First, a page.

Video: Bike boom rides second wave as supply chain remains tangled up
Vancouver's cycling demographics shift due to increase of new bike owners
By Norman Galimski
The second wave of the pandemic bike boom is well underway and the domino effects from last year are stressing the supply chain for bike shops. The changes in who is cycling in Vancouver are becoming visible.
In early 2020, bike shops had full inventories of new bicycles, plus any left over from the year before, to meet the sudden spike in demand, said Erich Jurgens, owner of The Bike Doctor. But still, many bike shops were sold out by the summer.
“It was a rush unlike anything, I think, the industry has ever seen,” Jurgens said.
However, Jurgens said the bike shortage in the second wave of the bike boom is a symptom of supply and not only increased demand.
Some store owners have said there is no way to even estimate the extent of demand because they can’t get enough new bicycles into the shops to know.
Worse than last year
This year, bike shops still aren’t fully restocked and continue to struggle to get new bicycles and parts in.
Amrik Boghar, an employee at Denman Bike Shop, said their store still has around the normal demand, if not more, for bikes, but said that there are about 50 per cent fewer bikes available. This is because suppliers are only working at about 45 per cent of what they normally would pre-pandemic, he said.
One of the biggest changes in the supply chain now is how suppliers are delivering new bicycles to retailers. The economy of scale weighs more than ever on smaller retailers.
“Whoever sells more gets more bikes, and whoever doesn’t sell more doesn’t get it,” Boghar said.
Before, suppliers used to sell their bicycles and parts on a first-come first-serve basis, said Boghar. But now they are supplying to shops that buy the most quantity of bicycles first, which makes it even more difficult for those who can’t buy in large quantities to operate.
The Bike Doctor now gets sporadic deliveries of 20 bikes at a time instead of getting a one time delivery of 500 bikes.
“This year is different because supply is going just as quickly, if not a little quicker, but [bicycles are] not available in one big drop,” Jurgens said. Instead, he said, their supply comes in “fits and starts.”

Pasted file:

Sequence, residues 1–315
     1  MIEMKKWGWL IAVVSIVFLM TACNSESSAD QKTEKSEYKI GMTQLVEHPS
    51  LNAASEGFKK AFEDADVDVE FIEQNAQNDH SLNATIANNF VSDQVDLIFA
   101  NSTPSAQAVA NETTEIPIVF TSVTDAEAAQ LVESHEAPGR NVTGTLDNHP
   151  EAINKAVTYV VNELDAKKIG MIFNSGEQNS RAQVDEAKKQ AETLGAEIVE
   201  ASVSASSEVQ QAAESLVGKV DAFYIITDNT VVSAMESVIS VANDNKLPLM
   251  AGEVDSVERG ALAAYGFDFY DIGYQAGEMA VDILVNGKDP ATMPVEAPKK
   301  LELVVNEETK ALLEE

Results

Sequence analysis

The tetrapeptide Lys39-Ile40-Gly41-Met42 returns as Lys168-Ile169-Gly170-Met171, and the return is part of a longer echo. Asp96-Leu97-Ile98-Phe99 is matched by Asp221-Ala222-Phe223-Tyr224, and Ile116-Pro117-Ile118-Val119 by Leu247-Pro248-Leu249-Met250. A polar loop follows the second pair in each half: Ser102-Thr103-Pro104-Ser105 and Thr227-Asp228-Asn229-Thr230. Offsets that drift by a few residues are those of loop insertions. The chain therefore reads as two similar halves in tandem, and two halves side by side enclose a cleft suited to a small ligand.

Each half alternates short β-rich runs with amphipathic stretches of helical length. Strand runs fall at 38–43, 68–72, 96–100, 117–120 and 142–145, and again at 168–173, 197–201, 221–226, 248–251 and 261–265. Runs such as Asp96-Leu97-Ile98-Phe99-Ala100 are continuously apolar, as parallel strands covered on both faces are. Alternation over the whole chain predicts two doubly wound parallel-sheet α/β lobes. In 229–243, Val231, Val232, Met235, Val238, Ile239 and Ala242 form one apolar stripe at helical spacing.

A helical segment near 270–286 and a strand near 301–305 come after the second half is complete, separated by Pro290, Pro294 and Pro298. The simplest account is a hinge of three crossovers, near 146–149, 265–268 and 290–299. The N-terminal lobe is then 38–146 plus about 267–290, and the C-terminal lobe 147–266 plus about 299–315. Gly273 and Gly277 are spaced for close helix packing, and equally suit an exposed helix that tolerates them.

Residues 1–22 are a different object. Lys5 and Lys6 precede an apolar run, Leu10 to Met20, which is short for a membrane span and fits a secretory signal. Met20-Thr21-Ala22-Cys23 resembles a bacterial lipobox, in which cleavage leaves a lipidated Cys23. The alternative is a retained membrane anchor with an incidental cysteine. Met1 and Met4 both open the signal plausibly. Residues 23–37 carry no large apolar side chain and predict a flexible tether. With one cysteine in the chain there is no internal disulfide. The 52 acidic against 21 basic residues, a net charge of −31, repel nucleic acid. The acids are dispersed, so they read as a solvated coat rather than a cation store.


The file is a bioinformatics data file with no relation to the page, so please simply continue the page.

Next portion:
The spike in new bike owners over the past year has visibly changed the demographics of cyclists in Vancouver, said Jeff Leigh, the HUB Cycling chair for Vancouver and UBC.
“We have seen a huge number of families with kids on the bikeways – and in routes that we wouldn’t have seen them on before,” Leigh said.
Vancouver’s cycling lanes and routes are much better than in other cities because the city perceives cycling as important, said Rebecca Mayers, a UBC PhD student whose main field of research is city cycling.
Cycling advocates have a strong voice in the city through groups such as HUB Cycling, among others, that have all affected the building and improvement of cycling infrastructure in Vancouver, Mayers said.
One of the most influential and important factors for Vancouver’s cycling infrastructure, both Leigh and Mayers said, has been the 2017 Complete Streets Framework. This policy gave the city engineer the authority to design and plan city streets independent of council, skipping the often-lengthy city council process.
Mayers said Vancouver cycling benefits from abundant cycling data that the city and third parties, like UBC researchers, collect. This abundance of data helps make the city implement data-based decisions for cycling infrastructure that give confidence in its implementation to the city and its engineers, she said.
Leigh said he believes the majority of new cyclists from the pandemic bike boom are here to stay and will continue to push Vancouver in a more cycling-positive direction.
Watch the video below to hear from experts on the changes in Vancouver cycling one year into the bike boom: